This is a dietary program designed to clear the body of foods and chemicals you may be allergic or sensitive to. In doing so you actually improve your body’s ability to handle and dispose of these substances.
This is called an Elimination Diet because the first step is removing certain foods, and food categories, from your diet. This allows your body’s detoxification machinery, which are likely overburdened or compromised, to recover and begin to function efficiently again. The dietary changes help the body eliminate or “clear” various toxins that may have accumulated due to environmental exposure, foods, beverages, drugs, alcohol, or cigarette smoking.
Clinical experience has shown this process to be generally well tolerated and extremely beneficial. There is really no “typical” or “normal” response. A person’s initial response to any new diet is highly variable, and this diet is no exception. We are all different physiologically, mentally, and even on a biochemical level, and the degree of exposure to “toxins”, as well as the “toxin” types.
Most often, individuals on the elimination diet experience:
- Increased energy
- Mental alertness
- Decreased muscle or joint pain
- Improved sense of well-being
However, some people report different initial reactions to the diet, especially in the first week, as their bodies adjust to a different dietary program. This phase can be considered a detoxification stage where the body is trying to free itself of the toxins and so some symptoms you may experience in the first week or so are:
Changes in sleep patterns
- Joint or muscle stiffness
- Changes in gastrointestinal function
Any time you change your diet significantly, you may experience such symptoms they rarely last for more than a few days. Your body needs time as it is “withdrawing” from the foods you eat on a daily basis. Your body may crave some foods it is used to consuming. Persevere. Those symptoms generally don’t last long, and most people feel much better over the next few weeks.
You can often minimize the duration and severity of these symptoms by encouraging the body’s natural detoxification processes. The natural processes to eliminate waste or toxins include sweat, and urine production. This is why it is important to stay hydrated, drinking 2.5 Liters of water daily and to sweat, either through regular exercise or through use of an infrared sauna. To learn more about how you can help your body detoxify check out this page here.
Changing food habits can be a complex, difficult, and sometimes confusing process. It doesn’t have to be, we have included Elimination Diet Recipes which even comes with suggestions for snacks! Remember this is NOT a calorie restricted diet!
The Elimination Diet Shopping List can help you navigate the grocery store easily and efficiently.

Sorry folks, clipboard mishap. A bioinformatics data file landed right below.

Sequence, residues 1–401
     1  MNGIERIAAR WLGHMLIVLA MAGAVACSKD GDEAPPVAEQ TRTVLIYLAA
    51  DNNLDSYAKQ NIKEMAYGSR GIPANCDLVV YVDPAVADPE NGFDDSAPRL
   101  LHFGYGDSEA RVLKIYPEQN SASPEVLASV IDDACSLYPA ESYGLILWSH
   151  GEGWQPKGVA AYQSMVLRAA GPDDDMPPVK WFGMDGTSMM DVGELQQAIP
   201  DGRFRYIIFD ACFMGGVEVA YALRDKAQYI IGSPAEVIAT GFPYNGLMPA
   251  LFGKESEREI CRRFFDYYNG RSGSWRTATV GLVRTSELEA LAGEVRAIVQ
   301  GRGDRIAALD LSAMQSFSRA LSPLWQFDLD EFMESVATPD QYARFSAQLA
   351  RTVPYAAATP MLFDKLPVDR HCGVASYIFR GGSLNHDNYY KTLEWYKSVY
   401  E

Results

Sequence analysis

- You should, of course, avoid any listed or unlisted foods that you know you are intolerant or allergic. Some of these guidelines may be changed based upon your personal health condition and history.
- The “7-Day Menu Plan” may be used “as is” or as a “starting point.” This is a suggested menu that you might find useful while you are following the elimination diet. Feel free to modify it and to incorporate your favorite foods, provided that they are on the shopping list.
- Feel free to use leftovers for the next day’s meal or as part of another meal, e.g., leftover broiled salmon and broccoli from dinner as part of a large salad for lunch the next day.
- It may be helpful to cook extra chicken, sweet potatoes, rice, beans, etc., that can be reheated for snacking or another meal.
- Most foods on the menu plan freeze quite well.
- Add extra vegetables and fruits as needed. The menu is a basic one and needs your personal touch. This is not a calorie-restricted diet. Use the suggested snacks as needed for hunger or cravings; leftovers are also handy to eat as snacks.
- If you are a vegetarian, substitute other sources of protein such as split peas, lentils and legumes.
- Breakfasts that need cooking are easiest to incorporate on your days off. Muffins can all be made ahead of time, frozen, and used as needed.
- If you are consuming coffee or other caffeine containing beverages on a regular basis, it is always wise to slowly reduce your caffeine intake rather than abruptly stop it; this will prevent caffeine-withdrawal headaches. For instance, try drinking half decaf/half regular coffee for a few days, then slowly reduce the total amount of coffee.
- Select fresh foods whenever you can. If possible, choose organically grown fruits and vegetables to eliminate pesticide and chemical residue consumption. Wash fruits and vegetables thoroughly.
- Read oil labels; use only those that are obtained by a “cold pressed” method.
- If you select animal sources of protein, look for free-range or organically raised. Cold-water fish (e.g., salmon, mackerel, and halibut) is another excellent source of protein and the omega-3 essential fatty acids, which are important nutrients in this diet. Fish is used extensively. If you do not tolerate fish, consult with your practitioner who might suggest supplemental fish oils. Avoid shellfish, as it may cause an allergic reaction.
- Remember to drink the recommended amount 2.5 L of plain, filtered water each day.
- Strenuous or prolonged exercise may be reduced during some or the entire program to allow the body to heal more effectively without the additional burden imposed by exercise. Adequate rest and stress reduction is also important to the success of this program.